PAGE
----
My first question about th meaties

Discussion in 'Meat Birds ETC' started by bkreugar, Apr 19, 2012.

  1. bkreugar

    bkreugar Chillin' With My Peeps

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    So Have had the egg layers for about 5 years now. A friend who is new to chickens wanted to know if we could go halfsies on some meat birds. So im doing my research and read the sticky threads on this.

    Well I can NOT find 21% protein feed. I have found 20% and 28% turkey grower. Have gone to tractor supply and the local feed and seed. Haven't gone to southern states...yet.

    So both places told me "just feed the 20% they will be fine". I am trying to find out how much the exact feed I need to give is, so not very helpful. Also the local feed and seed said feed them scratch, it is higher in protein and organic, and THAT does not sound right.

    Friend would LIKE to feed organic if possible, but at this point, id just be happy to FIND the right feed.

    Any advice?
     
  2. Beekissed

    Beekissed True BYC Addict

    It depends on what kind of product you want to turn out with this. If you want meat in a hurry, then all the advice will be to feed high protein feeds and confine your birds to a pen or tractor. If you don't have to have it on the plate in 8 wks or less and you want the bird to be healthier, then you can feed it lower protein feeds and don't feed on a continuous schedule and slow that growth down somewhat.

    I'd suggest you read further than the stickies on this site...there are many different views, advice and methods on raising meat birds and you need to find the one that will suit your methods and your needs.

    If you need meat in a hurry and you don't mind how it's done, then you find the highest protein feeds you can and you feed free choice up to a certain age and then you take away the feed during the night, etc.

    If you don't need your meat in a hurry and you mind the quality of the bird's life and the quality of the taste and texture of the meat, then you find alternatives to the commercial methods of raising broilers.

    I suggest you read the threads in this section of the forum to get an idea on the different ways to feed and keep these birds and find the one that suits your style the most.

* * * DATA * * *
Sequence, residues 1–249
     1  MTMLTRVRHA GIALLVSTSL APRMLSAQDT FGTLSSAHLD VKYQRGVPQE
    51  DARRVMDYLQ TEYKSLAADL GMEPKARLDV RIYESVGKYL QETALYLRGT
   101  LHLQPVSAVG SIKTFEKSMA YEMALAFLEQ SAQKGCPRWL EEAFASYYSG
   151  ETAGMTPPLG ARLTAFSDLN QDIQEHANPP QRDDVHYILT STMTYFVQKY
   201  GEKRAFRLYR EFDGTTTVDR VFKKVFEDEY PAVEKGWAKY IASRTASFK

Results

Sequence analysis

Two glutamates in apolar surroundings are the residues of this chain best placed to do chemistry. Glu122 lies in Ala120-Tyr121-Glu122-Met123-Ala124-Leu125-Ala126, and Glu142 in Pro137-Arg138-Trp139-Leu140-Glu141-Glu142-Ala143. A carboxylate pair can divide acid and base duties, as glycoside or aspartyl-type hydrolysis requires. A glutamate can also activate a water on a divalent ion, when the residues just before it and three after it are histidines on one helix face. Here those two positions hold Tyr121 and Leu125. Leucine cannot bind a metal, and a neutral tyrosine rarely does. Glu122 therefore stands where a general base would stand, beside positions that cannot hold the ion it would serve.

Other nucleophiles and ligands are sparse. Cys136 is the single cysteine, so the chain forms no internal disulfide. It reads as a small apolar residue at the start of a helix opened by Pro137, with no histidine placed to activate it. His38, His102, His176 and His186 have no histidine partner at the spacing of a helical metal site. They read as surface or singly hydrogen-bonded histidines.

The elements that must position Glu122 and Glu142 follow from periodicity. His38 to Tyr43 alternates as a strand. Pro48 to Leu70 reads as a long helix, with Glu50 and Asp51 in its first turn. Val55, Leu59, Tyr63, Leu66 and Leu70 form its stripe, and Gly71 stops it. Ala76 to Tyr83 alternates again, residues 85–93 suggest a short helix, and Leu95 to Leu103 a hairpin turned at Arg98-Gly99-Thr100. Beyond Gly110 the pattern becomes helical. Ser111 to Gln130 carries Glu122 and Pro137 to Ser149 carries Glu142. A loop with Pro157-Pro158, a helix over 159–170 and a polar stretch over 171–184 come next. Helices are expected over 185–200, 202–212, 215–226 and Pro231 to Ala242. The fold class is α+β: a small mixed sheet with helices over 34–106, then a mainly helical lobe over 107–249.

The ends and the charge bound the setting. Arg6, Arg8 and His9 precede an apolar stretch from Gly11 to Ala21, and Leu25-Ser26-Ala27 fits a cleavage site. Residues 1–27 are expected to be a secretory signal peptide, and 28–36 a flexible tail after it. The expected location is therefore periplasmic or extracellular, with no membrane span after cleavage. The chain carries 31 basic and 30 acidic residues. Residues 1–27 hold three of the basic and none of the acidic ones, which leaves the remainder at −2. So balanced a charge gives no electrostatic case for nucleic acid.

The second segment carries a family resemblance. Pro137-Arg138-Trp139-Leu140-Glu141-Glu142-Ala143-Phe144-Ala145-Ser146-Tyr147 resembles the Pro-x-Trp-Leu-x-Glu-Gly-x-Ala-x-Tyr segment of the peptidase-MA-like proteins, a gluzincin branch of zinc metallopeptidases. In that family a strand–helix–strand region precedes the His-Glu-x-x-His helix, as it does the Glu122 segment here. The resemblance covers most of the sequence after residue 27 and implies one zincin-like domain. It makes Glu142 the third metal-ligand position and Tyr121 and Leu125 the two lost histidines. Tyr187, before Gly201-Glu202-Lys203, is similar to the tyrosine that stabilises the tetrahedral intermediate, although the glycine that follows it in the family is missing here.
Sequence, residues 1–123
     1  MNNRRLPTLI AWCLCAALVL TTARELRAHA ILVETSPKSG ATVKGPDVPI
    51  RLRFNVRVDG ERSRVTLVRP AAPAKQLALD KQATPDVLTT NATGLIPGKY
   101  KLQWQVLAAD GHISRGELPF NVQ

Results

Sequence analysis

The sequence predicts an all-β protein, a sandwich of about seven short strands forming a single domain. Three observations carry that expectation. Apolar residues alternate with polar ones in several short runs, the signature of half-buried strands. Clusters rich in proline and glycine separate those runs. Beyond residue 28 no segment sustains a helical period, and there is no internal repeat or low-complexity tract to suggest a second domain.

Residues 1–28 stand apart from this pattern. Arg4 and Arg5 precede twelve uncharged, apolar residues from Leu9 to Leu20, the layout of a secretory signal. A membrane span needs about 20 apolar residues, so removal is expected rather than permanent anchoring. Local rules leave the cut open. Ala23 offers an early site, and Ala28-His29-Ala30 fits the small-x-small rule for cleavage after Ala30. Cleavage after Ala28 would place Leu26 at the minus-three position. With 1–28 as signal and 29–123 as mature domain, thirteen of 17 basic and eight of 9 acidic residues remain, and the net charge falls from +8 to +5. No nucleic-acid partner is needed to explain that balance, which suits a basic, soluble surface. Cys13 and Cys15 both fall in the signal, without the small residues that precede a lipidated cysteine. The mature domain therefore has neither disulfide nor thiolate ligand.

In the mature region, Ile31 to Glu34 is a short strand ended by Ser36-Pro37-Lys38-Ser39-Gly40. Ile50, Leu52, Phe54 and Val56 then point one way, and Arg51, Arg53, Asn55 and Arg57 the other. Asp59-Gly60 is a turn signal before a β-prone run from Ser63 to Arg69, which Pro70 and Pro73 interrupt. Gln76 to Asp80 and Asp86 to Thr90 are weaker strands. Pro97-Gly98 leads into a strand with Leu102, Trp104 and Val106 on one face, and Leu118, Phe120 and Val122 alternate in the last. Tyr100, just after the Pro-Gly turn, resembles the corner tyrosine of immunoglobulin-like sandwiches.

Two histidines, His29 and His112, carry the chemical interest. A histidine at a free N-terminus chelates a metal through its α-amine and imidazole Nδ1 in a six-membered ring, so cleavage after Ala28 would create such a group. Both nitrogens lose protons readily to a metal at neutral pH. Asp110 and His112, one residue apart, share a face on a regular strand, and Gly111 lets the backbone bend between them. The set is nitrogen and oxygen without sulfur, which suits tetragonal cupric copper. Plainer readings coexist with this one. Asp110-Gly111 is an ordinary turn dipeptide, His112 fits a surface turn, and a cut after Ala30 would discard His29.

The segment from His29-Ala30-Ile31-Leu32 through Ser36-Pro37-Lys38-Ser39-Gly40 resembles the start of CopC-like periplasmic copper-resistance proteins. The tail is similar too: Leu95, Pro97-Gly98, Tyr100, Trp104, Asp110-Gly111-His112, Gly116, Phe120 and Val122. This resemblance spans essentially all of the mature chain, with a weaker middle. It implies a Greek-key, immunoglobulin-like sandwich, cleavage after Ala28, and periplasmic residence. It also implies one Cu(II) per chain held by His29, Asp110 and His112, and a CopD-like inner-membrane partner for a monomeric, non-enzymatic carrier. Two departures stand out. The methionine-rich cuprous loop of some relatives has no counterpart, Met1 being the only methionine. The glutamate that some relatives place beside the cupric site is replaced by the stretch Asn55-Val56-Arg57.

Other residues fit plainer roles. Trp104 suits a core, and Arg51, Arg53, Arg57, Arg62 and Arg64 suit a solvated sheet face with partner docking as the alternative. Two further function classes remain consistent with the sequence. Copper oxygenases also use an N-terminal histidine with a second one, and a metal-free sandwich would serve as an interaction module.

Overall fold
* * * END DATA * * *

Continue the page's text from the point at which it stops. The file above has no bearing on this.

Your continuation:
3. bkreugar

    bkreugar Chillin' With My Peeps

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    Thank you beekissed that is helpful. I had it in my head that it HAD to be 21% or higher or they just would NOT grow the way they should.

    Talked to friend today and she suggests a movable pen for eating the pasture and from what i've read, if we want to do that, we don't want cornish. We want freedom rangers, I guess.
     
  4. Beekissed

    Beekissed True BYC Addict

    I'm doing the Cornish Crosses and find they forage better than any breed I've ever kept....they are more driven to do so by their big appetites. I feed whole grains and only once a day, free range the 50 birds in a paddock. Freedom Rangers aren't the only meaties that do well on pasture. This is the second time I've free ranged CX and find they do extremely well, no losses, healthy to the end and very active on the range.
     
  5. ChickenJerk

    ChickenJerk Chillin' With My Peeps

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    Find and feed them a quality, scientifically formulated CHICK STARTER, usually around 20%. Thereafter feed them according to that milling company's recommendations. If they do not thrive on this feeding program the problem is something else, usually management. A chicken can only utilize so much nutrition. All the rest is a waste and even before that point the gain is uneconomical.